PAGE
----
Ransomware & Small Business: Infographic

 

Ransomware surges 

Ransomware can be particularly threatening to both your business’ security and funds. Instances of ransomware have increased 167 times since 2015. Hackers gain access to your company’s networks, compromise sensitive business data and then hold those files at ransom. Until you pay the ransom, your infected devices are virtually useless. 

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Ransomware Attack Will Make You “WannaCry”

What happened?

On Friday, May 12, 2017, hackers launched the WannaCry (WannaCrypt) ransomware that has infected over 200,000 Windows users. The global cyberattack has already reached 150 countries.

If infected, a device will lock up and display a message demanding $300 via Bitcoin — an online currency — to restore the encrypted files. The ransom would increase over time; if left unpaid the victim’s files would be locked indefinitely.

This ransomware attack has mostly affected business networks via a security flaw in the Windows operating system. Victims using computers with outdated security patches and targeted in phishing campaigns are especially at risk. Continue reading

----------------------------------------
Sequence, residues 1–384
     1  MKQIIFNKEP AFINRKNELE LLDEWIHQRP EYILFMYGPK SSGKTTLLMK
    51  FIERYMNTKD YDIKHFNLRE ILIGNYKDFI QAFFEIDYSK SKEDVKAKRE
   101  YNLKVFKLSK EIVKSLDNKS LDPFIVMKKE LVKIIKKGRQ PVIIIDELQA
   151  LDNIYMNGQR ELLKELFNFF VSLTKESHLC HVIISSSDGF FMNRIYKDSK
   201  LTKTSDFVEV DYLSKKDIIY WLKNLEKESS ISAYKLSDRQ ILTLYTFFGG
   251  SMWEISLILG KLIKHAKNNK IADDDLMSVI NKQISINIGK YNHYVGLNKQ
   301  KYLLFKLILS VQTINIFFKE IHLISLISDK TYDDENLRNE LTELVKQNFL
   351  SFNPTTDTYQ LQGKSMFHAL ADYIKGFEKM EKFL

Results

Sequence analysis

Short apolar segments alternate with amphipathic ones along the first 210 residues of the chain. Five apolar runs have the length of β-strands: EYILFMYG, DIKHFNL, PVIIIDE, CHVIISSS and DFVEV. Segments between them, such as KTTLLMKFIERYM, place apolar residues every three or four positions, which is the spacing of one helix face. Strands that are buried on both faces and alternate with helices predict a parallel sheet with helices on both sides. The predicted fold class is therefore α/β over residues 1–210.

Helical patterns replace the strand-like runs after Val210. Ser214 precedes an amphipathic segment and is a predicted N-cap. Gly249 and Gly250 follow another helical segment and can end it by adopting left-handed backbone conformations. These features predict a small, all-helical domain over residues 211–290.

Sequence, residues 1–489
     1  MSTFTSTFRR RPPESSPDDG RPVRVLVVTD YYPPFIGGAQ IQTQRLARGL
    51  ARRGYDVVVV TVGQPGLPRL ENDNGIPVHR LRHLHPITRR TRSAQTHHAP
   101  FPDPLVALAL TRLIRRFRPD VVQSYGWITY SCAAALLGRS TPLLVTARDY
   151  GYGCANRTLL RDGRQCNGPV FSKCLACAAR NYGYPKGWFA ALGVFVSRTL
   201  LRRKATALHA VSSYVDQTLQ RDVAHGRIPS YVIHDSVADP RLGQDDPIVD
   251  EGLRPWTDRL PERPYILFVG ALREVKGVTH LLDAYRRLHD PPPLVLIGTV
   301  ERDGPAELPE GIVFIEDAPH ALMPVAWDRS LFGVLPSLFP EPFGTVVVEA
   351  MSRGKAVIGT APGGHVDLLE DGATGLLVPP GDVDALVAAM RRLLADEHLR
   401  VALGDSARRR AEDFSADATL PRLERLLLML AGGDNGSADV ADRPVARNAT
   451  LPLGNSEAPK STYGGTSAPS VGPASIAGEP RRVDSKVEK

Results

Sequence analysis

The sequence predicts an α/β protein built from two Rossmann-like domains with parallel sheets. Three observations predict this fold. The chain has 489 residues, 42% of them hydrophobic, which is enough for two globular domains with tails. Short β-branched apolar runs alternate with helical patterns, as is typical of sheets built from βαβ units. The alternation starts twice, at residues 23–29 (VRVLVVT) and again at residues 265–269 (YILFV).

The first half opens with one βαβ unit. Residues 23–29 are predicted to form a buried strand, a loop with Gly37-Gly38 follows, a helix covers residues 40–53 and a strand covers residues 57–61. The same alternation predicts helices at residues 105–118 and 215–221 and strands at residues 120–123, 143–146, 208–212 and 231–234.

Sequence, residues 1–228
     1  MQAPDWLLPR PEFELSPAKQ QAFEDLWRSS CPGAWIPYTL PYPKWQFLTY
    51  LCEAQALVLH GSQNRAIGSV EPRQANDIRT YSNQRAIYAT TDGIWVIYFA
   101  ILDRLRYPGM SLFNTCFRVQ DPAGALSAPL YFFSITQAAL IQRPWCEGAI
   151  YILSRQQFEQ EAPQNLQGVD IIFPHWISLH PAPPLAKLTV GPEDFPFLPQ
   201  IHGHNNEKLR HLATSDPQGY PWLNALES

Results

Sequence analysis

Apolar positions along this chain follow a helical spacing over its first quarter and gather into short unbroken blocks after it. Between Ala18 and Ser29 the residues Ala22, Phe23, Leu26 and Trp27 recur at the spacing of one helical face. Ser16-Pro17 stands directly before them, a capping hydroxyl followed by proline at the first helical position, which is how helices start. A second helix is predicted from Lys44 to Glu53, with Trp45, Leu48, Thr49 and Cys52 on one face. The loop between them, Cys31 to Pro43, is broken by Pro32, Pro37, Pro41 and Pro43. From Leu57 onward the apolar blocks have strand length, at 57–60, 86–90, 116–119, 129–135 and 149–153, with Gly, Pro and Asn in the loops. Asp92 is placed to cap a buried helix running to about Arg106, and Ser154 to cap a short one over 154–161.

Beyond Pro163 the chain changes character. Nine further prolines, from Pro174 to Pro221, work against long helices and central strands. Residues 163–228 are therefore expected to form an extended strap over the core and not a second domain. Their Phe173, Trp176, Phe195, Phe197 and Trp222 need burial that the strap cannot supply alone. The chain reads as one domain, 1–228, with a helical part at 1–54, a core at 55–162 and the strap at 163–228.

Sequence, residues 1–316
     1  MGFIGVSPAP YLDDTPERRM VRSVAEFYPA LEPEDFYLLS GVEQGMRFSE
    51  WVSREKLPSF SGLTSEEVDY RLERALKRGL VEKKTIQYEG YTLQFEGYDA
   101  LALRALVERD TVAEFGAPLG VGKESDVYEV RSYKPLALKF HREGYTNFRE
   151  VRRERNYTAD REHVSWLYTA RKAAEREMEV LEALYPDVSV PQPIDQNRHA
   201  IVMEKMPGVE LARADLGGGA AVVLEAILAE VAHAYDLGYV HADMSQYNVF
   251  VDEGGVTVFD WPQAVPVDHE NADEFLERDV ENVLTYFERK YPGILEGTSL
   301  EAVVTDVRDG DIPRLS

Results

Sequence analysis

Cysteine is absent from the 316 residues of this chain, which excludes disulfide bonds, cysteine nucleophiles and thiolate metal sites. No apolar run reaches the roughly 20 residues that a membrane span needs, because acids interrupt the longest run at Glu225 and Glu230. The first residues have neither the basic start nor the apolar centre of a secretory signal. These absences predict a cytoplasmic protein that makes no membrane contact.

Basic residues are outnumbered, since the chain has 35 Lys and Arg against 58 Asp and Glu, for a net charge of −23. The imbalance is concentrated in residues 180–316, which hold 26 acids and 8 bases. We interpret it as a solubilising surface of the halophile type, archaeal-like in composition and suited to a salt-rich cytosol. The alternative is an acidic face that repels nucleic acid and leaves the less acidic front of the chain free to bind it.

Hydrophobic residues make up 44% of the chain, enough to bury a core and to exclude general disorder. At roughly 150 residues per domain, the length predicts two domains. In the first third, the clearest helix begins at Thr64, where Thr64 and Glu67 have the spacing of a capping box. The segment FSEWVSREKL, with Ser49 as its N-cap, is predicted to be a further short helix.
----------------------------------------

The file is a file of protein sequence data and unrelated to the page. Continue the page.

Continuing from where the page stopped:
Combating Ransomware: Back Up, Patch Up, Catch Up

Ransomware strikes, panic sets in 

Ransomware, the computer malware designed to hold your devices and files ransom, can pose a huge threat to your company. Once a device is infected, it only takes a few seconds for a ransom note to display —demanding payment in exchange for a key to unlock your system. Until you pay the ransom, your device is virtually useless. And even if a payment is made, there’s no guarantee that the hacker will unlock your device. In short, you’re left with two choices: dig into your business funds to pay the ransom or let the hackers keep your files and hope they don’t further misuse your compromised information?

As a business owner, this is a decision that you should never have to make. Continue reading

Hackers Lock MedStar Health Out Of Their Own Network

MedStar Health Ransomware

Update 04/04/2016: The Baltimore Sun reports MedStar Health has restored 90 percent of their impacted computer systems. Hospital officials said MedStar did not pay a ransom to retrieve any files. Patient data was not exposed during the attack.

What happened? 

On March 28, MedStar Health, the largest healthcare provider in Maryland and Washington, D.C., disclosed an attack on their computer systems and encrypted medical records. The hacker used ransomware, a form of malware that locks computer access until a specified ransom is paid. Continue reading